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Inspection Summary


Overall summary & rating

Good

Updated 13 July 2018

This service is a domiciliary care agency. It provides personal care to people living in their own houses and flats in the community. It provides a service to adults of all ages, including people with dementia or physical disabilities.

This was the first inspection of this service, which took place on 7 June 2018 and was announced. Not everyone using the service receives a regulated activity. The Care Quality Commission (CQC) only inspects the service being received by people provided with personal care, which is help with tasks related to personal hygiene and eating. Where they do we also take into account any wider social care provided. At the start of our inspection there were 11 people using the service in this respect.

The service had a registered manager which is a person who has registered with the Care Quality Commission to manage the service. Like registered providers, they are ‘registered persons’. Registered persons have legal responsibility for meeting the requirements in the Health and Social Care Act 2008 and associated regulations about how the service is run.

At this inspection, there was positive feedback from people using the service, relatives and a community care professional. Everyone recommended the service.

The service had enough staff to meet people’s needs. Staff were introduced to people at the start of a care package, and people consistently received the same team of staff.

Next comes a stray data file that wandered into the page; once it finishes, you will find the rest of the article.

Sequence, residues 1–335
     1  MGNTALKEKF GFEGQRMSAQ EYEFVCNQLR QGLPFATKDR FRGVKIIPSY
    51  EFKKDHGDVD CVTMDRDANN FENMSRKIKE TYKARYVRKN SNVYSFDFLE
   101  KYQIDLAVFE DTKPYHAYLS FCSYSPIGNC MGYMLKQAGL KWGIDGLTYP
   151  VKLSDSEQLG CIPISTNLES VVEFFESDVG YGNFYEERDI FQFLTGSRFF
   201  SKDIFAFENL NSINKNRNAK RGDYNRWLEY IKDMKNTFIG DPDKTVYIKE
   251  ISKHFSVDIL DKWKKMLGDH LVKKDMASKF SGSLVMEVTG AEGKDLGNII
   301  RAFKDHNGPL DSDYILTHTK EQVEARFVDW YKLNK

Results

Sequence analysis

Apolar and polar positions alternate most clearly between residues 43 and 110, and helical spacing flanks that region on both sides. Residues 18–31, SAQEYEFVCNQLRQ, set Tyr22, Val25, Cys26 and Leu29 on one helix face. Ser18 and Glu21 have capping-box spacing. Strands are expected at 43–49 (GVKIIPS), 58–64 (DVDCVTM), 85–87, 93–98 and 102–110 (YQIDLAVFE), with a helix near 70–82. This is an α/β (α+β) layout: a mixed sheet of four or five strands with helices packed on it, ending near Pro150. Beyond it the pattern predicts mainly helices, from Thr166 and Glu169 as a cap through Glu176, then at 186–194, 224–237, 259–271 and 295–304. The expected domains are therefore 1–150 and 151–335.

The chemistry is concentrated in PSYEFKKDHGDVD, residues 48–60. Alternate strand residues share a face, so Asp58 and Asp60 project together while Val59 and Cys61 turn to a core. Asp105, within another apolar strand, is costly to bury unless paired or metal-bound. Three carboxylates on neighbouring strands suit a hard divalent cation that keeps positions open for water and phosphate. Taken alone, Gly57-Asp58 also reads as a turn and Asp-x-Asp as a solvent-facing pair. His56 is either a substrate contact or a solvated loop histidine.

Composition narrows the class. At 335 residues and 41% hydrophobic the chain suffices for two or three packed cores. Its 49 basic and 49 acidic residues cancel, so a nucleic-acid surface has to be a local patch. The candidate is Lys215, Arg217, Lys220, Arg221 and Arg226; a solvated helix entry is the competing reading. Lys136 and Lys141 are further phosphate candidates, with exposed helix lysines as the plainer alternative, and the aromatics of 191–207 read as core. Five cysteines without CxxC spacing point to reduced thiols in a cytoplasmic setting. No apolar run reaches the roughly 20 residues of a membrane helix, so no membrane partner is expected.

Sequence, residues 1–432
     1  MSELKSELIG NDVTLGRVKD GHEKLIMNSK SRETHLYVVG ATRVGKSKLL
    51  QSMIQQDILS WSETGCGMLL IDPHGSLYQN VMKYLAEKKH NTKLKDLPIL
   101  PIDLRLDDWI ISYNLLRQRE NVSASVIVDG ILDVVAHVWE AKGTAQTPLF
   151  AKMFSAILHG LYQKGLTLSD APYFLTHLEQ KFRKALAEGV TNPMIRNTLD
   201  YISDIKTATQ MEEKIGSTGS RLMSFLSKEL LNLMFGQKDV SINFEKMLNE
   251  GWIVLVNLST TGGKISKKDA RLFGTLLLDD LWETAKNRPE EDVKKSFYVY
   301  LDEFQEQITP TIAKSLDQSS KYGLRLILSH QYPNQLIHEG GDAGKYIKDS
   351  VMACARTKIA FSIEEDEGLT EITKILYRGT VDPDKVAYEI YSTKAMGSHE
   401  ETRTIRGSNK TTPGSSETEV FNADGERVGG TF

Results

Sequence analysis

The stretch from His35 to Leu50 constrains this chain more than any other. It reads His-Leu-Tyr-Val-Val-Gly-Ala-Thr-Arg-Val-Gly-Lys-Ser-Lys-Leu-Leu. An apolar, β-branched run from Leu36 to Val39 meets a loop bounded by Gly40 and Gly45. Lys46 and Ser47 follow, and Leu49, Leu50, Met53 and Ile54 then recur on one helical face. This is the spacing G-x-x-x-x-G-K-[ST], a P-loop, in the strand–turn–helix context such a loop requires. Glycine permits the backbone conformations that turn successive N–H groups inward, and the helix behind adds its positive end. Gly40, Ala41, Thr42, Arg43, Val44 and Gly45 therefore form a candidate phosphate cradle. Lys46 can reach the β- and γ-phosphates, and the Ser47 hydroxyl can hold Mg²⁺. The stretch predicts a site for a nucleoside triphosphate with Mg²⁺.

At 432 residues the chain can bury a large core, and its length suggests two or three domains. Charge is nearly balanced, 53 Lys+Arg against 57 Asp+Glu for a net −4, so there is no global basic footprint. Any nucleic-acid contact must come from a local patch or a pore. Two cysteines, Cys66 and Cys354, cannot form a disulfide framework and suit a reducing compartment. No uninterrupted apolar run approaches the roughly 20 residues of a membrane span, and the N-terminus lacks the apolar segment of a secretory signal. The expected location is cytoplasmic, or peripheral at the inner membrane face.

The service and its staff treated people with kindness, respect and compassion, and gave emotional support when needed. People's privacy and dignity were respected and promoted.

People's needs were comprehensively assessed to help ensure their specific needs were identified and addressed. The registered manager demonstrated good knowledge of the wider community resources available in support of this. This meant the service worked well in co-operation with other organisations such as healthcare services to deliver effective care and support.

People were supported to have choice and control of their lives and staff supported them in the least restrictive way possible. People’s views on the service were regularly sought and acted on, particularly through regular visits from managers who were also checking how well the service was meeting people’s needs.

People’s individual needs were met through the way the service was organised and delivered. This included helping some people regain skills and independence, and for providing compassionate and responsive end-of-life care to others.

The service took steps to assess and manage safety risks to people, and to protect them from abuse. Where part of the agreed care package, it also supported people to eat and drink enough and to take prescribed medicines.

The service listened and responded to people’s concerns and preferences, and used this to improve the quality of care.

The service promoted a positive and inclusive culture in support of achieving good outcomes for people. Staff reported being well-supported overall.

Systems at the service enabled sustainability and growth, and supported continuous learning and improvement.